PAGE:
FROM CNN's Jack Cafferty:
You might call it "Health care reform, Take 2."
The financial reform bill might just set the stage for the next big partisan showdown on Capitol Hill.
[cnn-photo-caption image=http://i2.cdn.turner.com/cnn/2010/images/04/19/art.geithner.jpg caption="Treasury Secretary Timothy Geithner spoke last week after meeting with Pres. Obama and the bipartisan Congressional leadership to discuss financial reform. "]
In what may be another political miscalculation by the GOP, all 41 Senate Republicans say they "are united" in opposing the current bill... and that they want to see a more "bipartisan and inclusive approach." Some have already promised to filibuster it.
Republicans claim the legislation would continue the Obama administration's intervention into formerly private industries.
Ironic when you consider that the original $700 billion TARP bailout happened under the Republican President Bush and his Treasury Secretary Henry Paulson... those hundreds of billions of taxpayer dollars vanished into the pockets of the big banks with very few strings attached.
The Democrats claim the financial reform bill will actually prevent future taxpayer bailouts of failing banks. It would create a consumer protection office for investors, regulate some of the complex investments that led to the collapse, and create a $50 billion "failure fund" financed by the banks.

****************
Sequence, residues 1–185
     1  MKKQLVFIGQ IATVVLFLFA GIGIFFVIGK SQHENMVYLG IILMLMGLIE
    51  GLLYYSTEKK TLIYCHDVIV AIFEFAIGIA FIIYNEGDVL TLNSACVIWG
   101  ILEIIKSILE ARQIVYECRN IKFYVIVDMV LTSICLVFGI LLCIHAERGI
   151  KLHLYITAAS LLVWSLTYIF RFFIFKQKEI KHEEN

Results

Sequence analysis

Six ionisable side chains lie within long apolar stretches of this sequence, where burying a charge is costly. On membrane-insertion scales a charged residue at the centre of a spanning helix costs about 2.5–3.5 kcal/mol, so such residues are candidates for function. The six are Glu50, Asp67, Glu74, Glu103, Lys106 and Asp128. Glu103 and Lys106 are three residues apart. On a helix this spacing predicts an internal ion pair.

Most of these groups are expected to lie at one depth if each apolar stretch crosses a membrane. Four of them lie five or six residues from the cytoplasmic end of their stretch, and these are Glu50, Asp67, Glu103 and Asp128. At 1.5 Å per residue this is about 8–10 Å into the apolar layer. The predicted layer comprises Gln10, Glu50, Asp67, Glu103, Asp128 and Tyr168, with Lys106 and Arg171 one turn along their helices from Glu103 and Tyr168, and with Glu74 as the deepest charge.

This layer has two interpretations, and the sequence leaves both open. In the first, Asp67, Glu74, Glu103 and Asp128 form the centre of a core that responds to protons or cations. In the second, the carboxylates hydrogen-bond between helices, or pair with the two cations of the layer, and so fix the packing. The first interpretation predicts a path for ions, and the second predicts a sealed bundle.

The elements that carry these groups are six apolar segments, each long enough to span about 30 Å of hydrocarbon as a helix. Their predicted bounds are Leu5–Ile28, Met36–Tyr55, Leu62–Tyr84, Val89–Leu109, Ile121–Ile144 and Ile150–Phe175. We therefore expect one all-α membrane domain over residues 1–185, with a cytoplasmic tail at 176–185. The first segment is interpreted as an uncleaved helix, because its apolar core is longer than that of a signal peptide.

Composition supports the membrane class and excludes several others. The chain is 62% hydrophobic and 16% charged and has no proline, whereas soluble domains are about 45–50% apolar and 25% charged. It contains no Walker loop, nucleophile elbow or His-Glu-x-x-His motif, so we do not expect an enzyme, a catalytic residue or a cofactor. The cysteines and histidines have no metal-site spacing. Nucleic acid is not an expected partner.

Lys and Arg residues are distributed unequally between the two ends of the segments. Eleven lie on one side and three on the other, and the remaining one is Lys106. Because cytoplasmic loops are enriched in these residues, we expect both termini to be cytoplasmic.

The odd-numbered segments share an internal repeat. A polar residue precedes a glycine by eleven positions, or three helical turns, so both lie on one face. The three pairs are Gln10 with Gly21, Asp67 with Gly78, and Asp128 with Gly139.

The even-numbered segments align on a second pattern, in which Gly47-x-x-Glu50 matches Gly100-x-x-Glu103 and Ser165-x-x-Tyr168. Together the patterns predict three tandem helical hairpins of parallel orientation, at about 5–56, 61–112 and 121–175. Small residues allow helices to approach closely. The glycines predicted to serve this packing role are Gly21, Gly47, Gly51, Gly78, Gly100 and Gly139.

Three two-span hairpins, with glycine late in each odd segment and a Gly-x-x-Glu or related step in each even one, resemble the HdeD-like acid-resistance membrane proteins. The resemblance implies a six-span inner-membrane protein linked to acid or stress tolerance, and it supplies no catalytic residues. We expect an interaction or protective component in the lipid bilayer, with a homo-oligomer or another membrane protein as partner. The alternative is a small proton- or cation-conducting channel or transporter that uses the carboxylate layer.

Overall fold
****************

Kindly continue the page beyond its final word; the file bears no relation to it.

Treasury Secretary Timothy Geithner says he's confident the bill will pass Congress. And if Senate Democrats can nail down one or two Republican votes, some think that could open the flood gates for others to support it.
Even conservative columnist George Will believes in the end, there will be plenty of bipartisan support - he says the Republicans don't know what they want... and he estimates the bill will pass with 70 votes.
Here’s my question to you: What's behind the Republicans' opposition to financial reform?
Interested to know which ones made it on air?
Kent in New Jersey writes:
The Republicans are opposed to the financial reform bill because it is not reform. It does not change too big to fail, it does not separate commercial banks from investment banks, and it does nothing for the derivatives market. It will not end casino capitalism. It is just phony rhetoric.
Brian in Trinidad writes:
Because the Republicans know, same as the Democrats, that this is just about creating another government bureaucracy to reward party faithful with cushy no-teeth jobs. The problem is not that our laws are inadequate, but that no one keeps an eye on things anymore.
Jane in Minnesota writes:
Jack, Would you bite the hand that feed you?
Phil in Long Beach, California writes:
Both parties serve the same interests. Which side they take is all political theater designed to distract the electorate. No matter what anyone says, there will be no meaningful financial reform just as there was no effective health care reform passed, no campaign finance reform, etc. It's the Republicans turn to play 'Bad Cop'.
Bill in Pennsylvania writes:
Reform? You mean stop their raiding of the public treasury? They will have none of that! General Electirc earned $10.3 billion before taxes. Paid no taxes… No sir. There will be no reforms. All of our legislators are bought minions of the corporate-persons and the very, very rich. Two parties is just a myth to keep the voters entertained but in the dark.
The GOP says "no" and "I don't like this" more than my 4-year-old. Does the GOP honestly think that even a Republican voter just wants them to say no to every proposal the president announces? This is irrational. The GOP is losing credibility and looking more and more like a gang of robots who can't think for themselves.